Our eyes are constantly on the lookout for tracks of the ancient creature but eventually we reach the top unfulfilled but eager still to keep searching. As my grandfather rests I take off across the mesa, diving under rocks, skirting sage brush, and flirting with the cliff edges. I am bent on the dinosaurs I know are just over the next ridge or hidden in that crack. But after an hour of searching I still have found nothing so I make my way back to our exit from the mesa and catch up with my grandfather to begin our trek back to the car. A bit disappointed, but not ready to give up yet, we begin to down climb off the Wingate and drop through the boulder field with the sun getting lower in the sky. The wind has really picked up now making it impossible to keep your hat on your head as you snake through the land holding on to your life with all four hands. And then I hear a whoop of excitement from behind me. My grandfather and I have each been taking different routes down through the rocks. He is some ways behind me and off to the side so I pause, not sure if the noise I heard was really him. But my hopes are confirmed by a second whoop. I turn back uphill in great excitement to find him perched next to a large slab of sandstone that has fallen with its smooth face at a 70 degree angle to the ground exposing the very thing we have been looking for. There are 4 distinct footprints etched in the face of the rock. They look like the footprints of the raptors from Jurassic Park, with three pointy toes and a stride length for a creature not too much taller than me. In my grandfather’s memory the footprints he found all those years ago were those of a much larger creature: a stegosaurus perhaps. But in my mind raptors are much cooler than stegosauruses and we are both thrilled at our find. We take pictures and make an attempt to get a charcoal rubbing of the footprints, but nature prefers that our stories grow and change over the years of our lives turning reality into romance and so the materials are ripped and torn from our hands leaving us with a wad of dirty paper and a couple of poorly exposed pictures. To us however, this matters not, for although these were probably not the same footprints my grandfather found so many years ago, our mission has been successful, and eager to be off our feet we slip and slide through the loose rock back down to the dusty Subaru.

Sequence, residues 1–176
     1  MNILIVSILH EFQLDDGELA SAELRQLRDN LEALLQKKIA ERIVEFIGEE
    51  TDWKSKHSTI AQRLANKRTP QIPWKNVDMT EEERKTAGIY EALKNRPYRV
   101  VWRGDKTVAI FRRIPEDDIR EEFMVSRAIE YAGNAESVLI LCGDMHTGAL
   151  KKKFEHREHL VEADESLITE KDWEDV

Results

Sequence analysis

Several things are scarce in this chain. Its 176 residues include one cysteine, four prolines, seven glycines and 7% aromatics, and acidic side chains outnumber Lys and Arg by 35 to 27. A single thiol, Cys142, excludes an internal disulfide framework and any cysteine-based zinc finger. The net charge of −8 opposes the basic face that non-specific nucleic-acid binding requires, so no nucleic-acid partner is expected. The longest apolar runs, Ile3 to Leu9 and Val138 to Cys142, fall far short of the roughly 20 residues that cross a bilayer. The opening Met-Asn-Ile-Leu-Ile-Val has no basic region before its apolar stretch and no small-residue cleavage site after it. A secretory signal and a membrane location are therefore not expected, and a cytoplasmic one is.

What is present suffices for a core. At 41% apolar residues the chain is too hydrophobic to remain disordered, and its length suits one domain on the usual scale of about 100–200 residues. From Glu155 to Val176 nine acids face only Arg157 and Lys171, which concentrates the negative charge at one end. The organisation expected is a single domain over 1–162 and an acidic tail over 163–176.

Tim's Avatar Building GitHub since 2011, programming language connoisseur, San Francisco resident, aspiring surfer, father of two, life partner to @ktkates—all words by me, Tim Clem.